The Risk of Spoliating Electronic Schedules

The Risk of Spoliating Electronic Schedules

Schedules are an important part of proving or refuting delay and other impact claims because they provide a detailed medium for comparing and measuring time and intent. The use of a detailed method to present a time claim is important to establish the claimant's entitlement to both the delay and other additional costs related to the delay. In this Analysis, Michael Callahan and Jason Romero discuss the spoliation of evidence, construction scheduling, and avoiding the spoliation of construction schedules. They write:


     Scheduling specifications will vary from project to project. Some specifications require a great amount of detail and obligations. The specifications can define duration units, resource and cost load requirements, review periods for submittals, sequencing logic and organizational sorting methods, milestone activities, update and narrative requirements, and any other relevant scheduling coordination requirements. The schedule specifications may even define the detail and special schedules necessary to support a time extension request. Careful attention must be paid to drafting these provisions rather than copying and pasting from previously used specifications.

     Scheduling specifications may also require use of particular scheduling software. Agreeing on specific software will reduce the risk of discovering multiple schedules from different software providers. Reconciling the different software models makes it difficult to draw accurate comparisons if the contractor submits a baseline schedule made in one software and schedule updates made in another. Specifications that are too burdensome or too vague will make measuring time extensions or claims for delay more difficult. In Morganti National, Inc. v. United States, Morganti was required to prepare a schedule and submit monthly updates using the critical path method. The contract specifications prohibited Morganti from adding time to the contract schedule until the time was approved by the Federal Bureau of Prisons (FBOP) via a bilateral modification agreement. As a result, Morganti was required to schedule and track 7,000 activities. Neither Morganti nor the FBOP were able to compute possible delays because the schedule had become so hopelessly confused. The specification requiring a bilateral modification to add time, combined with the outrageous number of activities to be tracked, rendered the schedule useless as a tool to measure time. If Morganti had disregarded the bilateral modification specification and wrote over the baseline schedule or altered updated schedules to conform to all the change orders, the FBOP might have motioned for spoliation sanctions. Any changes Morganti made to the schedules not in accordance with the specifications could have been viewed as the deletion of relevant, discoverable electronic evidence and subjected Morganti to spoliation sanctions.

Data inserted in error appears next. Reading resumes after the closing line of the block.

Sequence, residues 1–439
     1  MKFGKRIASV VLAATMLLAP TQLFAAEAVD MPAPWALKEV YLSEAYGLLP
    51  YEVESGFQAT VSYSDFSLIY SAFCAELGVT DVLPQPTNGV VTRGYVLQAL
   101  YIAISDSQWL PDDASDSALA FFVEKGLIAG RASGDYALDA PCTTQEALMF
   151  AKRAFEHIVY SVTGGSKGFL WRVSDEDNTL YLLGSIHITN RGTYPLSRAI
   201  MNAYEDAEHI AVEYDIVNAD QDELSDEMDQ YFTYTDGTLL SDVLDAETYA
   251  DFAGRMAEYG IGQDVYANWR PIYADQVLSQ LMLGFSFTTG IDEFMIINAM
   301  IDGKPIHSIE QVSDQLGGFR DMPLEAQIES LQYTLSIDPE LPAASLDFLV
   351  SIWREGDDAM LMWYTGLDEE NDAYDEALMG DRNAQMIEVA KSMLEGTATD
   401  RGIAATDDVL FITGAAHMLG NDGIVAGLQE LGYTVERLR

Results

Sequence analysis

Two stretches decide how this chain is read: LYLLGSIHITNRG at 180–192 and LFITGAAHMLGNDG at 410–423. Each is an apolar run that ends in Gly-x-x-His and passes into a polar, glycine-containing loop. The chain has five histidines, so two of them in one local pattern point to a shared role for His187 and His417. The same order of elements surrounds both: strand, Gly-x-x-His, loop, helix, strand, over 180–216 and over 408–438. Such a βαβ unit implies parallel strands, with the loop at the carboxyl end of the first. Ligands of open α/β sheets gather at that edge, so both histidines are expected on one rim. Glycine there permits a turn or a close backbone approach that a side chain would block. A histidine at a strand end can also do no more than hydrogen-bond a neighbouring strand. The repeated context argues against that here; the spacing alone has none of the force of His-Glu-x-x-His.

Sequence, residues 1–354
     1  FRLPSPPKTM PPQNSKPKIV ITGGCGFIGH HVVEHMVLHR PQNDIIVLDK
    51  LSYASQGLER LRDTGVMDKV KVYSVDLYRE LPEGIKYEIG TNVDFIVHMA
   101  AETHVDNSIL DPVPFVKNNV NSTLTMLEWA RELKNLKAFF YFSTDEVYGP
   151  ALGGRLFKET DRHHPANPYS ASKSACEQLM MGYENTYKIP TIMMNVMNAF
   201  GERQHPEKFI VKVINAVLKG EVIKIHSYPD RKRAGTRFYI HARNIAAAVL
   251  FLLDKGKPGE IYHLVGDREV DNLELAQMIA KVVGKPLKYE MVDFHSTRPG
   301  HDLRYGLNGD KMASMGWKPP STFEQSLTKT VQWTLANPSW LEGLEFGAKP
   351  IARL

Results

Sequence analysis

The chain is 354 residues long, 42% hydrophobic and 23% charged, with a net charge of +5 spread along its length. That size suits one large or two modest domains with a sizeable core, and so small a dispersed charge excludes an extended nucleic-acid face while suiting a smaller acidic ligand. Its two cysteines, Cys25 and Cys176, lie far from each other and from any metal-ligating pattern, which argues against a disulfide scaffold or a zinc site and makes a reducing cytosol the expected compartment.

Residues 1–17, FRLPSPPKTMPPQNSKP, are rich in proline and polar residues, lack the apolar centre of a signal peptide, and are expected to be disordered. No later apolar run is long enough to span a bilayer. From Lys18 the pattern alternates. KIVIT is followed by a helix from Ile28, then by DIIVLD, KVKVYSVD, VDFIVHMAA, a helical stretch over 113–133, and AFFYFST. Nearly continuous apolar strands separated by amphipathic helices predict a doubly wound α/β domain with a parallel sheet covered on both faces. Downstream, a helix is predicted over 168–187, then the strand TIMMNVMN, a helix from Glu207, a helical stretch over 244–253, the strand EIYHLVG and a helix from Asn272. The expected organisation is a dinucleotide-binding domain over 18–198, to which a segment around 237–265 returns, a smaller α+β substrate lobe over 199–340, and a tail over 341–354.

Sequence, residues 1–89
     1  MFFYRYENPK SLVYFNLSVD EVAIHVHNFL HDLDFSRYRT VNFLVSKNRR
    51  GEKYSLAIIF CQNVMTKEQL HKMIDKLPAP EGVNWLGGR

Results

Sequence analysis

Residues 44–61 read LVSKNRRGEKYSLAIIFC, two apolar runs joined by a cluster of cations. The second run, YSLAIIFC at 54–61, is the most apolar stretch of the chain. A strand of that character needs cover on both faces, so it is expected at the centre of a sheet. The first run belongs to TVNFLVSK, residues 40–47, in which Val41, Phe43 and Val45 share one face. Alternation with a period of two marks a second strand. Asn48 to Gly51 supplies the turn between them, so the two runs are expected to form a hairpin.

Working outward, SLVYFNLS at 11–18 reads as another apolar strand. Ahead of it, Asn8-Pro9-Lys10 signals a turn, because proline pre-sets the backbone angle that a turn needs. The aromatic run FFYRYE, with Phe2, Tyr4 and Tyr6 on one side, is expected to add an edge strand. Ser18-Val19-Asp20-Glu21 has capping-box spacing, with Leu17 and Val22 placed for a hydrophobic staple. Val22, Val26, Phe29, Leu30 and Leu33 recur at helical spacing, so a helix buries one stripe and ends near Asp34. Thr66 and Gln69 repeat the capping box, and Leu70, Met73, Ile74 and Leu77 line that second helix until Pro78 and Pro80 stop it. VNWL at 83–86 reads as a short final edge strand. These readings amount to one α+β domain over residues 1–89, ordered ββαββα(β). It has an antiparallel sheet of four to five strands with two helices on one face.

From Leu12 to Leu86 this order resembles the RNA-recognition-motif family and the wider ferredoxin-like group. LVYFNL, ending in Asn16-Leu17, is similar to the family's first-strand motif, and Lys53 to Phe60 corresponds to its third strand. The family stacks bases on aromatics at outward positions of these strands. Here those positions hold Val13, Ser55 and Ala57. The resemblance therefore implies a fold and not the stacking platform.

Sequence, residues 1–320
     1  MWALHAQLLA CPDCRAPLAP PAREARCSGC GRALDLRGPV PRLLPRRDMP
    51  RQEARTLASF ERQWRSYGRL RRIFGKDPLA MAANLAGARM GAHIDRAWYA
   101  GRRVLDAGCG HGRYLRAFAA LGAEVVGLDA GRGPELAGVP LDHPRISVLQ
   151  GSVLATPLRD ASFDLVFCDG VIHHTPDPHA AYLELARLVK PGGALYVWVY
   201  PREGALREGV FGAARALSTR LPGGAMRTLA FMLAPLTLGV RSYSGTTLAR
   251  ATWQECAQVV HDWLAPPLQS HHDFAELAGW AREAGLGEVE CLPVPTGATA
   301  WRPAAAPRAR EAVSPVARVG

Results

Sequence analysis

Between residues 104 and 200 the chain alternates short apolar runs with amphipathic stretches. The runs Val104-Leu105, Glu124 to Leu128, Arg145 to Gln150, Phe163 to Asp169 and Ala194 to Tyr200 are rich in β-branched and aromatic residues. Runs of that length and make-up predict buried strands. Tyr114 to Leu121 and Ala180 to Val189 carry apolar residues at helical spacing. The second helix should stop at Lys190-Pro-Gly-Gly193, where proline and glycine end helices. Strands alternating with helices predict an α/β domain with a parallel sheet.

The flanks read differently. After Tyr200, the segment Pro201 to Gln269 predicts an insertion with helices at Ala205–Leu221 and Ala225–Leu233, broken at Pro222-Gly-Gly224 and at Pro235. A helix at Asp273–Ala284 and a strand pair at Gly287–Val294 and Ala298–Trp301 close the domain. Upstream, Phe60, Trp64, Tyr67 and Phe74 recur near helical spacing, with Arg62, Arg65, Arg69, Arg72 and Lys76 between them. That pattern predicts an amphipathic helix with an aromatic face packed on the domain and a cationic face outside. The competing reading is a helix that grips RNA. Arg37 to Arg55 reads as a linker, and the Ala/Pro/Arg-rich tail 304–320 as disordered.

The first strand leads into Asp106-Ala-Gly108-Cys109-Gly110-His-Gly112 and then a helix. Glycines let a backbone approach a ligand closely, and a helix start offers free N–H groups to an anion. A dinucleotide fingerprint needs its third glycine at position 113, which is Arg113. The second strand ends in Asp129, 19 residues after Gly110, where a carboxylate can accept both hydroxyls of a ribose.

Another case, Turner Construction Co. v. General Services Administration demonstrates the dangers that claimants must confront if schedule copies are not properly maintained. Although the holding does not distinguish between paper and electronic copies, the message is clear: if a delay claimant does not maintain copies of all its schedules, its claims for delay may be denied.

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